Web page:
The most senior member of former Iraqi president Saddam Hussein’s entourage still at large has urged Sunni Muslim anti-government protesters to stand their ground until Shiite Iraqi Prime Minister Nuri al-Maliki is toppled.
Izzat Ibrahim al-Douri heads Saddam’s now-banned Baath Party, whose leaders fled or went underground after the US-led invasion in 2003 that overthrew the Sunni strongman and empowered the Shiite majority.
Over the past two weeks, tens of thousands of Sunnis, some waving Saddam-era flags, have staged demonstrations in a show of anger against al-Maliki, whom they accuse of marginalizing their community and monopolizing power.
“The people of Iraq, and all its nationalist and Islamic forces, support you until the realization of your just demands for the fall of the Safavid-Persian alliance,” Douri said, addressing protesters in footage broadcast on the pan-Arab TV news channel al-Arabiya.
Douri said he was in the Iraqi province of Babil, but the authenticity or timing of the video could not be verified.
The Safavid dynasty ruled Shiite Iran — which at times also controlled parts of modern-day Iraq — from the 16th to the 18th centuries.
Since al-Maliki came to office in 2006, Iraq has edged closer to its neighbor, which wields strong influence over several Iraqi Shiite parties.
In the video, Douri was surrounded by men in military uniform. He said the Baath leadership was considering launching a campaign to “justly and decisively” punish civilians and soldiers who supported what he described as Iran’s “Safavid project” for Iraq.
“It is a clear plan to destroy Iraq and annex it to Iran,” he said. “We warn those traitors, agents and spies ... who support the dangerous project ... that the national resistance will confront them.”
The influential Shiite cleric Moqtada al-Sadr, a rival to al-Maliki who has voiced support for the Sunni rallies, said Douri and his followers were agents of the US and Israel, and urged the protesters to denounce him.
“If the government is not able to seriously and urgently capture [or kill] him, this will be our job, we, the soldiers of God upon Earth,” he said in a statement on his Web site.
Douri, seldom seen since 2003, was the deputy head of Iraq’s Revolutionary Command Council under Saddam, and took over as Baath Party leader after Saddam was executed in 2006.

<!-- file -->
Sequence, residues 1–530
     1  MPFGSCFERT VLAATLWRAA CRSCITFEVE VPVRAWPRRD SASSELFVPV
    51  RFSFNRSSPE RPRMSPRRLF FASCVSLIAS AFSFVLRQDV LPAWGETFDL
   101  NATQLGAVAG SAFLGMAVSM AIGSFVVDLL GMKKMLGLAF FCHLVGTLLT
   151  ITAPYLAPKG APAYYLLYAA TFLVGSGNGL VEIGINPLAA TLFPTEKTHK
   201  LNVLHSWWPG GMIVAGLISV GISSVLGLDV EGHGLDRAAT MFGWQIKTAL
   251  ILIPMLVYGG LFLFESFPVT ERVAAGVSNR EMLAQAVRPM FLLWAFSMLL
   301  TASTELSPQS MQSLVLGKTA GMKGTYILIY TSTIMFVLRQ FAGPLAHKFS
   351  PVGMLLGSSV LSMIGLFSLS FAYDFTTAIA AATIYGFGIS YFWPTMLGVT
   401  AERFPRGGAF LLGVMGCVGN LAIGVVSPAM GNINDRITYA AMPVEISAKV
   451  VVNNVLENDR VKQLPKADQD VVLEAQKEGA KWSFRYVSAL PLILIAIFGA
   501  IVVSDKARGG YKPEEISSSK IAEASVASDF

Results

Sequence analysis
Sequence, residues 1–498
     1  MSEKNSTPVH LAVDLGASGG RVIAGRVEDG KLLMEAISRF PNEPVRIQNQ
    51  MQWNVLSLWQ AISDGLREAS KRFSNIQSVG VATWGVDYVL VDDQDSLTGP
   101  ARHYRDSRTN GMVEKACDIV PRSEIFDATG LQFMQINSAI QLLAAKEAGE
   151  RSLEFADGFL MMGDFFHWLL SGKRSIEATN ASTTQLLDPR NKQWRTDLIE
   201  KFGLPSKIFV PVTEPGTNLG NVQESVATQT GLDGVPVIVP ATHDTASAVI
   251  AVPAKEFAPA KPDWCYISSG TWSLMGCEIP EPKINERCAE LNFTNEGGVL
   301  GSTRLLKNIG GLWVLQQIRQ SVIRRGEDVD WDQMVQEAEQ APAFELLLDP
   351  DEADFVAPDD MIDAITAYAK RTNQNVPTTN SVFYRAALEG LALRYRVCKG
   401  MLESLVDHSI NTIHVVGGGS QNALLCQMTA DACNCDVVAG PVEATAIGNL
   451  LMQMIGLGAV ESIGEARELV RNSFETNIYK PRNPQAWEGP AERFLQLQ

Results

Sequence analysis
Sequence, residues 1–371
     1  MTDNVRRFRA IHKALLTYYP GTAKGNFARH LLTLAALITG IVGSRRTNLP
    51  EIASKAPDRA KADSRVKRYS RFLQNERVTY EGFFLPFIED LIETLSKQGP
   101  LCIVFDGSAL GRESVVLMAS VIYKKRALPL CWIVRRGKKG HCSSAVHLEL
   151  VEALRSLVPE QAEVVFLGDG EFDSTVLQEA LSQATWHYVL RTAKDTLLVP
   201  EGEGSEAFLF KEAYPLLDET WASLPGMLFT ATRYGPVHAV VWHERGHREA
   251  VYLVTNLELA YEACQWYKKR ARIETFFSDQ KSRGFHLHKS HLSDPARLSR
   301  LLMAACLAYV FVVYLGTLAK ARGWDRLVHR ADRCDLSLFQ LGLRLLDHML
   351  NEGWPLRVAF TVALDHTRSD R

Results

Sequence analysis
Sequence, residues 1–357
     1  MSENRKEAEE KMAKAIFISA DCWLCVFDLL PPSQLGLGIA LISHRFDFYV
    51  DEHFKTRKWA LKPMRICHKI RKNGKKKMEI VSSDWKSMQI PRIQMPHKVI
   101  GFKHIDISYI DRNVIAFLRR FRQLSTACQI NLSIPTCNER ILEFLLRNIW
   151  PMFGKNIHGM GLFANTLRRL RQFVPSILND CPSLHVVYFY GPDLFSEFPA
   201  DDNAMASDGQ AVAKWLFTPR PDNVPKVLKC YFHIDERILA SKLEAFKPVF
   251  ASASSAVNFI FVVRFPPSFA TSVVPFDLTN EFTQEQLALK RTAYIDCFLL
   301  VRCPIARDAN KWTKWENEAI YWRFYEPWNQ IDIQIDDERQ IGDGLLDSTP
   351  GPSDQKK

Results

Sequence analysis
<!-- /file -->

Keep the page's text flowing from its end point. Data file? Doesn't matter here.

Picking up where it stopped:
After the 2003 invasion, he was ranked sixth on the US military’s list of 55 most wanted Iraqis and a US$10 million reward was offered for his capture. US officials accused him of organizing the insurgency that peaked in 2005 to 2007.
The conflict in neighboring Syria, where a Sunni-led insurgency is fighting to remove a leader backed by Shiite Iran, is whipping up sectarian tension across the region and is straining a precarious political balance between Iraq’s Sunni, Shiite and Kurdish factions.
That has raised concern about a relapse into intercommunal slaughter in Iraq just over a year after US troops withdrew.
A car bomb parked near a vegetable and fruit market in the town of Kanaan in Diyala Province killed two people on Saturday, police said, in an attack the mayor blamed on Baathists seeking to ignite sectarian strife.
At least four Shiite pilgrims were also killed by a car bomb near the Shiite holy city of Kerbala.
The protests in Iraq’s Sunni Muslim heartland pose a new challenge to al-Maliki, who is already at odds with the autonomous Kurdish region in the north.
Iyad Allawi, the head of the Sunni-backed Iraqiya political bloc, on Friday called on al-Maliki to resign and for an interim government to take over pending an early election.
Failing that, he said al-Maliki’s alliance should select an alternative prime minister.